October 28, 2020 Editor

The Trial of the Chicago Seven: A Review by Martha Sonnenberg

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The Intersection of Memory and History: A Review of “The Trial of the Chicago Seven,” written and directed by Aaron Sorkin, Netflix

October 28, 2020

WN: While I lived through this history as a young university student, I was largely oblivious, since back then politics had (so I thought, and a Regent College Old Testament professor at University of British Columbia once told me in fact: “There is no politics in the Bible.”) no relevance to Christianity: I an (arrogant) firm (fundamentalist) believer.

I thank God I have changed my mind about a thing or two in the past fifty years (though aware my remaining “long way to go in many things!” will not be matched by life expectancy:-). Sigh . . . A memoir in the hereafter?)


In a recent panel discussion of Aaron Sorkin’s film, “The Trial of the Chicago Seven,” (Netflix), Rennie Davis, now 80, and one of the seven, refers to “the wizardry of the timing of this film.” And it is true: whatever one thinks of this film, and whether you were there, or just learning about the events of 1969, and whether you like the film or not, the relevance of this history to today’s political environment is undeniable.

The film portrays the 1969 Chicago trial of seven men who were charged with inciting a riot when the anti-war protest of the 1968 Democratic Convention ended in violent confrontation with the Chicago Police and National Guard. The men were Tom Hayden, Rennie Davis, Jerry Rubin, Abbie Hoffman, Dave Dellinger, John Froines and Lee Weiner. Bobby Seale, co-founder of the Black Panther Party, was the eighth man charged. It is called “the Chicago seven” because Seale’s case was eventually split off from the rest, in a turn of events after Seale demanded that he be allowed to represent himself, and after he was bound and gagged by order of the racist and biased judge, Julius Hoffman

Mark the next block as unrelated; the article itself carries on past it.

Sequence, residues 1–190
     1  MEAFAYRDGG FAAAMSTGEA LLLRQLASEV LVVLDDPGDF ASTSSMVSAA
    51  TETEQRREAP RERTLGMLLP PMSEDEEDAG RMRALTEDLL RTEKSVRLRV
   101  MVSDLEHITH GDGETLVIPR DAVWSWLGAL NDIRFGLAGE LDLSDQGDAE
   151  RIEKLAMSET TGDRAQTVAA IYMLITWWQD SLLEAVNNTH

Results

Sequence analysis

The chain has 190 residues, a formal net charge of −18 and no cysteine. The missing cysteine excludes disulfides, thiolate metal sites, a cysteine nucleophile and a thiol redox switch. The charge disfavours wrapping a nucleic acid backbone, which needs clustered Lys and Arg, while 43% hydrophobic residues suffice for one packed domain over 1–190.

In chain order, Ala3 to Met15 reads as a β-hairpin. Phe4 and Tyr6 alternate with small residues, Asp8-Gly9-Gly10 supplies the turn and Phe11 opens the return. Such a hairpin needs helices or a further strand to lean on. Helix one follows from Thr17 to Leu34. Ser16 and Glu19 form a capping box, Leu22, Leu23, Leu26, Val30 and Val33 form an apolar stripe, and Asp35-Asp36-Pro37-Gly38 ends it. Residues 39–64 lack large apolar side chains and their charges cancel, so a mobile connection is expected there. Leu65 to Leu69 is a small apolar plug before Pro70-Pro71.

At the outset, let me say that this is an entertaining, engaging and sometimes inspiring film, a progressive feel good film. It has the benefit of a great story, the crisp and clever dialogue by Aaron Sorkin, and a strong cast. Sasha Baron Cohen leads the list with his uncanny ability to inhabit the persona of his characters, in this case, Abbie Hoffman. Other strong performances were from Mark Rylance as the defendant’s lawyer, William Kunstler, and Frank Langella as the martinet Judge Julius Hoffman. Jeremy Strong as Jerry Rubin, Eddie Redmayne as Tom Hayden, Alex Sharp as Rennie Davis, John Carroll Lynch as Dave Dellinger, Daniel Flaherty as John Froines , Noah Robbins as Lee Weiner, Ben Shenkman as Leonard Weinglass, the other defense attorney, were all adequate but were not able to rescue their characters from the flattened portrayals offered by a writer who never knew and didn’t really understand the people he wrote about. Yahya Abdul-Mateen was a credible Bobby Seale, but since Seale’s role in the film is minimized, he wasn’t able to develop Bobby Seale’s character fully.

Ways of Seeing

Young activists today, or anyone who is unfamiliar with this history, will surely appreciate this film for its striking parallels with the tumult we are witnessing in 2020, with a global pandemic and its enormous death toll, a crushing economic crisis, a reactionary and inhumane administration, the uprisings and protests over racial injustice, as well as the brutality with which those protests have been met. There is a chilling moment in the film when someone asks the bound and gagged Bobby Seale, “Bobby, can you breathe?” George Floyd and Eric Garner immediately come to mind. Through this lens, “The Trial of the Chicago Seven” can inspire hope and determination to continue the struggle for change.

However, those who have their own memories of these events will view “The Trial of the Chicago Seven” differently from those who for whom this history is a revelation. And in that sense, these two groups of perceivers will actually “see” two different films. The content of the film remains the same, but the relationship of the audience to the content changes. For those of us who remember, or who experienced these events, the story is much more complex than the film suggests. For this reason, the film can be a disappointing oversimplification and distortion of the real events which had an unforgettable impact on peoples’ lives.

Please click on: The Chicago Seven


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Wayne Northey was Director of Man-to-Man/Woman-to-Woman – Restorative Christian Ministries (M2/W2) in British Columbia, Canada from 1998 to 2014, when he retired. He has been active in the criminal justice arena and a keen promoter of Restorative Justice since 1974. He has published widely on peacemaking and justice themes. You will find more about that on this website: a work in progress.

Always appreciate constructive feedback! Thanks.